Company behind N.C. chemical disaster had previous violations

SouthernStudies.Org, October 6, 2006
The firm that owns the North Carolina plant where a chemical fire has been burning out of control since Thursday evening was fined earlier this year by state environmental officials for unsafe practices. More than 30 local residents and emergency responders have been treated at area hospitals for respiratory distress and chemical burns, according to news reports.
The North Carolina subsidiary of The Environmental Quality Co., a privately held company headquartered in Michigan, was slapped with a $32,000 penalty in March by the N.C. Division of Waste Management for six infractions. They included failure to “maintain and operate the facility to minimize the possibility of a sudden or non-sudden release of hazardous waste constituents to air, soil or surface water which could threaten human health or the environment” and to “immediately carry out the provisions of the contingency plan whenever there is a release of hazardous waste or constituents which threatens or could threaten human health or the environment,” according to the DWM’s Web site.
EQ North Carolina is located near downtown Apex, N.C., a town of about 32,000 people located 10 miles southwest of the state capital of Raleigh. The facility stores and manages hazardous wastes, which under its state permit may include highly toxic heavy metals, solvents, pesticides and other industrial chemicals. (For an explanation of the various chemical codes listed in the permit, click here.)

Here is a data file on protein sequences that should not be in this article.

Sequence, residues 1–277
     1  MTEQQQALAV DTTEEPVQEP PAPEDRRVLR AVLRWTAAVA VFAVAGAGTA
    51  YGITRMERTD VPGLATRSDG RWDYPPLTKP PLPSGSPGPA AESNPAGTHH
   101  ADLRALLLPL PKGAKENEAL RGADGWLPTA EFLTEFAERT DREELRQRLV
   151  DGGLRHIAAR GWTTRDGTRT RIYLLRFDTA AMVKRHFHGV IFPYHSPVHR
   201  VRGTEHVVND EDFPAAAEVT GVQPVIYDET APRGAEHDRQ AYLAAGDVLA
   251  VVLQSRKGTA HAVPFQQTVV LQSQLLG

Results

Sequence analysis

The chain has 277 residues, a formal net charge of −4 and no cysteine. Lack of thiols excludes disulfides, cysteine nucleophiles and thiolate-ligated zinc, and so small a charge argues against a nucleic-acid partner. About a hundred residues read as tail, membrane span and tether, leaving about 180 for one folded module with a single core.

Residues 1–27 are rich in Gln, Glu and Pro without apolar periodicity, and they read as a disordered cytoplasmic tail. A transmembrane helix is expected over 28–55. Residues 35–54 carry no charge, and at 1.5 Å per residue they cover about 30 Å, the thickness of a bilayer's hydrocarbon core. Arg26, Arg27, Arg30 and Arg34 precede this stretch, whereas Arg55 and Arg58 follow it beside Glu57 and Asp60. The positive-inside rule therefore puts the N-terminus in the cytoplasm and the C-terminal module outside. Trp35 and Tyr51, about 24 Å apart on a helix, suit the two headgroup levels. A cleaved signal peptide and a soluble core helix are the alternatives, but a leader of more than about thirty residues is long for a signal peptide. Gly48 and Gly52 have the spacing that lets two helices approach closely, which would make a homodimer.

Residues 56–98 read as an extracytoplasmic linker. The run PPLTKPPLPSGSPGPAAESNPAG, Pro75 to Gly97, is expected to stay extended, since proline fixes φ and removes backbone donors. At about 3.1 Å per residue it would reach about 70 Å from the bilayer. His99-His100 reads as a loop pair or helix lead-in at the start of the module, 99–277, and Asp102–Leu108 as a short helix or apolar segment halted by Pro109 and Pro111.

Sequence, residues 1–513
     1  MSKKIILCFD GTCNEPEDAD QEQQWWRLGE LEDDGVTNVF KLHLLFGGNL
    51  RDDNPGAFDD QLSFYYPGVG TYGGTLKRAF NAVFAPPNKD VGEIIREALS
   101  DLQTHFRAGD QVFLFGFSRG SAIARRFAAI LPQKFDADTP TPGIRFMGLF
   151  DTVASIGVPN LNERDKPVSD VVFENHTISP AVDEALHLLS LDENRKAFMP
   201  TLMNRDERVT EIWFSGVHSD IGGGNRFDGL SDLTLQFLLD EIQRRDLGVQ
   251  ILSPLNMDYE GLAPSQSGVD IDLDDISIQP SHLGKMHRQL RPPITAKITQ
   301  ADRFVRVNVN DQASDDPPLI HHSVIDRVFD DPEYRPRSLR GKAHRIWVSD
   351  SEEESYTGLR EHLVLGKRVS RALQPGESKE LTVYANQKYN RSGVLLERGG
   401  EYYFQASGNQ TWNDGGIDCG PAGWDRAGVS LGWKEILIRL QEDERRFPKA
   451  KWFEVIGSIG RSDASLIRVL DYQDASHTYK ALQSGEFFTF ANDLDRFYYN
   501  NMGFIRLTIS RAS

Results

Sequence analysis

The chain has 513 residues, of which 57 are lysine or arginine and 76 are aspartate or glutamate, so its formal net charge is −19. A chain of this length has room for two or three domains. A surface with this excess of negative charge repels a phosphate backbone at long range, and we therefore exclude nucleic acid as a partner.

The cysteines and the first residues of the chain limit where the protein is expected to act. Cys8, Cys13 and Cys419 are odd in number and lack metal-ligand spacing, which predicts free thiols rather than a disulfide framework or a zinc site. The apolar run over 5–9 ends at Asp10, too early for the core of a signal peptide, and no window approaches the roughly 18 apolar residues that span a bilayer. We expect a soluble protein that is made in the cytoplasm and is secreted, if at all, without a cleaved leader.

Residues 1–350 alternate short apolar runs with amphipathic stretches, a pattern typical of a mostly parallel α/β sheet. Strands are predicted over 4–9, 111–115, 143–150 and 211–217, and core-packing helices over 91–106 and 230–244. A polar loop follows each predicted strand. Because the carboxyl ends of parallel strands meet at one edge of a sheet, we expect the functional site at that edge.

About 16,000 people were ordered to evacuate, with no word yet on when everyone might be able to return home. The fire released a cloud of dangerous fumes over Apex, and subsequent rains are washing those chemicals into the surrounding ecosystem. State water quality regulators report that ditches on the property carry runoff to a small pond, which empties into a creek that ultimately flows into Wake County’s Lake Benson, a popular recreational facility and habitat for wildlife including bald eagles and great blue herons.
EQ had a similar disaster at one of its Michigan facilities last year, the Associated Press reports. On Aug. 9, 2005, a fire broke out at the company’s plant in Romulus, leading to the evacuation of about 2,000 people from their homes and sending more than 30 people to the hospital. Lawsuits against the company over that incident are still pending.

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